“Right to Rest” movie is a tribute to people experiencing homelessness, and a call to political action

A new documentary kicks off campaign season for the Right to Survive Initiative, which Denver voters will consider in May.

A still from Right to Rest. (Courtesy Sarah Megyesy)

A still from Right to Rest. (Courtesy Sarah Megyesy)

Donna Bryson. (Kevin J. Beaty/Denverite)

“Right to Rest,” a new Denver-focused documentary, is a tribute to the people experiencing homelessness and their supporters who together built a community of tiny homes as an alternative to shelters and a step toward permanent housing.

The documentary, previewed Monday in a full house in a Sie FilmCenter auditorium, also dissects Denver’s camping ban and failed attempts to get state legislators to overturn that and other local laws some argue make homelessness a crime.  The combination of personal stories and political drama by filmmakers Sarah Megyesy and Guillermo Roques is likely to grab attention in the months leading up to Denver’s May municipal elections, when voters will consider a Right to Survive Initiative that would overturn the camping ban.

Megyesy  and Roques worked with housing advocates Colorado Village Collaborative and Denver Homeless Out Loud. The latter’s Terese Howard said before the screening that the two-hour movie was “inextricably tied” to the Denver City Council’s vote in 2012 to ban people from sheltering themselves, even with a blanket, in public. Right to Survive, championed by Howard’s group, would establish a “right to rest” protected from the elements in public. Right to Survive also would allow sharing food in public places where food is not prohibited and sheltering in legally parked motor vehicles. And it would ensure personal property could not be confiscated from people experiencing homelessness.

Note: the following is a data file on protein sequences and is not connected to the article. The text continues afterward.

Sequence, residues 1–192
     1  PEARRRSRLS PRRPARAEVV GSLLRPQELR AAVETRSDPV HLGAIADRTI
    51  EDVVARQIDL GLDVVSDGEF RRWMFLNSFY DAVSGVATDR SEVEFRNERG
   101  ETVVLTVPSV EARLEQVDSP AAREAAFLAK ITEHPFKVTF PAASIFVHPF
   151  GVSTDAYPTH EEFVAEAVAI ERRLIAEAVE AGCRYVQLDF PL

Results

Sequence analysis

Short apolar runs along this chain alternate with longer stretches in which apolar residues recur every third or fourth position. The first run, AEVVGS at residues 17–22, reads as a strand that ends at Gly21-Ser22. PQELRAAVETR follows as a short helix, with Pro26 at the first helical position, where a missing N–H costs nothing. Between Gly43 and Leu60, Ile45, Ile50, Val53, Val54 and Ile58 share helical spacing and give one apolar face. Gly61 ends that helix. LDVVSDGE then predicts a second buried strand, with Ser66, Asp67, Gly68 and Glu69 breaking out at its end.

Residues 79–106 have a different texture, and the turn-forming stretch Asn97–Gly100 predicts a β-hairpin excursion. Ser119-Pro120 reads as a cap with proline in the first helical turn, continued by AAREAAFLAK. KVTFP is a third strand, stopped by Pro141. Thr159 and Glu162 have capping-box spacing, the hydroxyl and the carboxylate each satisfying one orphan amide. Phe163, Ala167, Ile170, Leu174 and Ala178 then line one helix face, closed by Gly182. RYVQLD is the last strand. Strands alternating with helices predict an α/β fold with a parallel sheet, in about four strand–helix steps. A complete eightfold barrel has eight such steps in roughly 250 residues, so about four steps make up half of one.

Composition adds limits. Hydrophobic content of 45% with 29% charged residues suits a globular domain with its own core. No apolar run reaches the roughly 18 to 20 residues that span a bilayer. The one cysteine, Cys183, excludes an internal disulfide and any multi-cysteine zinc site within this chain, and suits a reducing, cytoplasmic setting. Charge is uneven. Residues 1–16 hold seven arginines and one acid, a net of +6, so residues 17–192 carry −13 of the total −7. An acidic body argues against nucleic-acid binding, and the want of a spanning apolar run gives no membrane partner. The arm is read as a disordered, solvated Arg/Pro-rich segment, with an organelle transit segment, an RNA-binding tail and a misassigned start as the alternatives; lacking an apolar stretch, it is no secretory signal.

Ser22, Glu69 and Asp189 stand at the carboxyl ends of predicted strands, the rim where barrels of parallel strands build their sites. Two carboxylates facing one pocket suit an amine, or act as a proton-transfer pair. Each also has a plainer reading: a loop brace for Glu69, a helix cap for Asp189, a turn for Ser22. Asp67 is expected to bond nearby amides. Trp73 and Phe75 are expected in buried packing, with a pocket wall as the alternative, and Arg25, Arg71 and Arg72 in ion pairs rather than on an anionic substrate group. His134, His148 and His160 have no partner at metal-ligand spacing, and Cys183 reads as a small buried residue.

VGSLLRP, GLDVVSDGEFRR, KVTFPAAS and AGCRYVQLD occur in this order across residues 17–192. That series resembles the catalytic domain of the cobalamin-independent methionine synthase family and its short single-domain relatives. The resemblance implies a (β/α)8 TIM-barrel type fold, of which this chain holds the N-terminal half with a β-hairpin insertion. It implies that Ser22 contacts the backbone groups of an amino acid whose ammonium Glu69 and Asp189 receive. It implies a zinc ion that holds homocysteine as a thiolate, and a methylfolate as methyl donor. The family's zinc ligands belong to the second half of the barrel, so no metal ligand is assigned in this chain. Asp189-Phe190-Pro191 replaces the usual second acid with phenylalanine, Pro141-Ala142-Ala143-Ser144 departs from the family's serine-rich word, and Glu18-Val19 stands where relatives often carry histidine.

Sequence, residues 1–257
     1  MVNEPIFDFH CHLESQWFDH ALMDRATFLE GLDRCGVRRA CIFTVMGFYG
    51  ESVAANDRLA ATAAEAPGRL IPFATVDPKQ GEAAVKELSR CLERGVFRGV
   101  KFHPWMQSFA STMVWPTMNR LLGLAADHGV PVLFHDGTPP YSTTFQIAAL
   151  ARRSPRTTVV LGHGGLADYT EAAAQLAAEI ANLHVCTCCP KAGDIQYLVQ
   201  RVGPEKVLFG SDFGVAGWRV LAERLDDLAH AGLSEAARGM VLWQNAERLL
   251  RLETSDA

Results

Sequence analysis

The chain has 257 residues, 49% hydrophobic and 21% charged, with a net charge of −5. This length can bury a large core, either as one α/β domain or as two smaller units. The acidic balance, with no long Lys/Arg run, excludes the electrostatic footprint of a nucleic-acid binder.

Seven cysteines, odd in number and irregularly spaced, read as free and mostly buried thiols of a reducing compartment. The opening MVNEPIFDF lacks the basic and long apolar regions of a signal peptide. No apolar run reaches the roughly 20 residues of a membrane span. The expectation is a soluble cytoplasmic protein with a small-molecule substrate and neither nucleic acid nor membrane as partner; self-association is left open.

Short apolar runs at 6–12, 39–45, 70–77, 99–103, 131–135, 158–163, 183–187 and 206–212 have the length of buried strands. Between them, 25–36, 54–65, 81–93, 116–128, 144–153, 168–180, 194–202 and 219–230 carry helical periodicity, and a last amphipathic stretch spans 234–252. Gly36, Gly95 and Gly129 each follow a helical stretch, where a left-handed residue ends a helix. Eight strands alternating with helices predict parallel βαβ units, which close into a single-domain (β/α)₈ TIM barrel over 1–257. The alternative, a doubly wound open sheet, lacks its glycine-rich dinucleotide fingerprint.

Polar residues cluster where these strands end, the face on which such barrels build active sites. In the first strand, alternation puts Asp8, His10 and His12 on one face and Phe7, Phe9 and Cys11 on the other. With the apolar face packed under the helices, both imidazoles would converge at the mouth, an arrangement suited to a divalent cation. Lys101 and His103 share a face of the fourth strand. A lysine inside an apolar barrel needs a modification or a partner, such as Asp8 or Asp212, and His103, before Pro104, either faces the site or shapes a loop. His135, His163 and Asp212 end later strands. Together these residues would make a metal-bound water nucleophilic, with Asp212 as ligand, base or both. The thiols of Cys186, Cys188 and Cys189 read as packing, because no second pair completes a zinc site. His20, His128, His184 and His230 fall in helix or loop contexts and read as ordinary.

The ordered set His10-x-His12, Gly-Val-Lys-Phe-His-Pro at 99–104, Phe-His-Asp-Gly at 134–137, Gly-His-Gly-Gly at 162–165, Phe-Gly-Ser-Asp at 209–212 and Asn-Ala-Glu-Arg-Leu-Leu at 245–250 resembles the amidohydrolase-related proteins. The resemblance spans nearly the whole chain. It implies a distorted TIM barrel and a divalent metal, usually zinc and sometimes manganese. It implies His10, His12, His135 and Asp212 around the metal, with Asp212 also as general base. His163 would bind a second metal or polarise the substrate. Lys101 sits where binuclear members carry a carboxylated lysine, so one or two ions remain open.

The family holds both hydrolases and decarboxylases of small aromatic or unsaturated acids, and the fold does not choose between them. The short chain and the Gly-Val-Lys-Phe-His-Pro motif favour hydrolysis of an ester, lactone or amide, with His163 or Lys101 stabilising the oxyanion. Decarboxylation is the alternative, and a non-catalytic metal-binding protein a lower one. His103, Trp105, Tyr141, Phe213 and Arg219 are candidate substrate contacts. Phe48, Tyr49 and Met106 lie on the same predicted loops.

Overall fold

Denver Homeless Out Loud has scheduled a “March for Homes, Rights, and Dignity” on Saturday.

Cole Chandler of Colorado Village Collaborative said he hoped for more screenings of “Right to Rest” as the elections approach.

“We want to see real solutions talked about,” Chandler said.

He and Howard feature prominently in the documentary, a blend of original interviews and archival TV news and other footage. A recurring visual theme is birds-eye shots in which the tiny homes and tinier people seem fragile, but as the narrative evolves transforms into a metaphor for ambition and hope.

“This kind of work is the role of people of faith,” Chandler, a pastor, says in the film, in which he sports a man bun and a T-shirt with the slogan “Be a good person.”

An intense Howard describes dwindling federal housing funds and derides the idea that people choose homelessness.

The documentary’s music is by Laura Goldhamer, who opened Monday’s event with a live performance of her “Live to See That Day: The Right to Rest Song.” She passed out lyric sheets and the audience of about 150 joined in, to a melody reminiscent of Civil Rights era ballads, to calls for “the right to rest these weary bones … for all who yearn to have a home.”

Monday’s screening was a fundraiser for Chandler’s Colorado Village Collaborative. The group raised money, lobbied city officials and supported residents to realize Beloved Community Village, a collection of 11 tiny homes near the 38th and Blake light-rail station. A resident of one of the 96-square-foot homes is shown as the documentary opens watering flowers and tomato plants. Others speak of the community giving them a second chance in life and a sense of stability.

Beloved Community Village’s current site is slated for a housing development. Colorado Village Collaborative recently learned that a site it had secured for relocation had been deemed unsafe by the city because of flood concerns.  Months before that, the city’s Landmark Preservation Commission derailed plans to build a second Colorado Village Collaborative tiny home community in the parking lot of the St. Andrew’s Episcopal Church campus.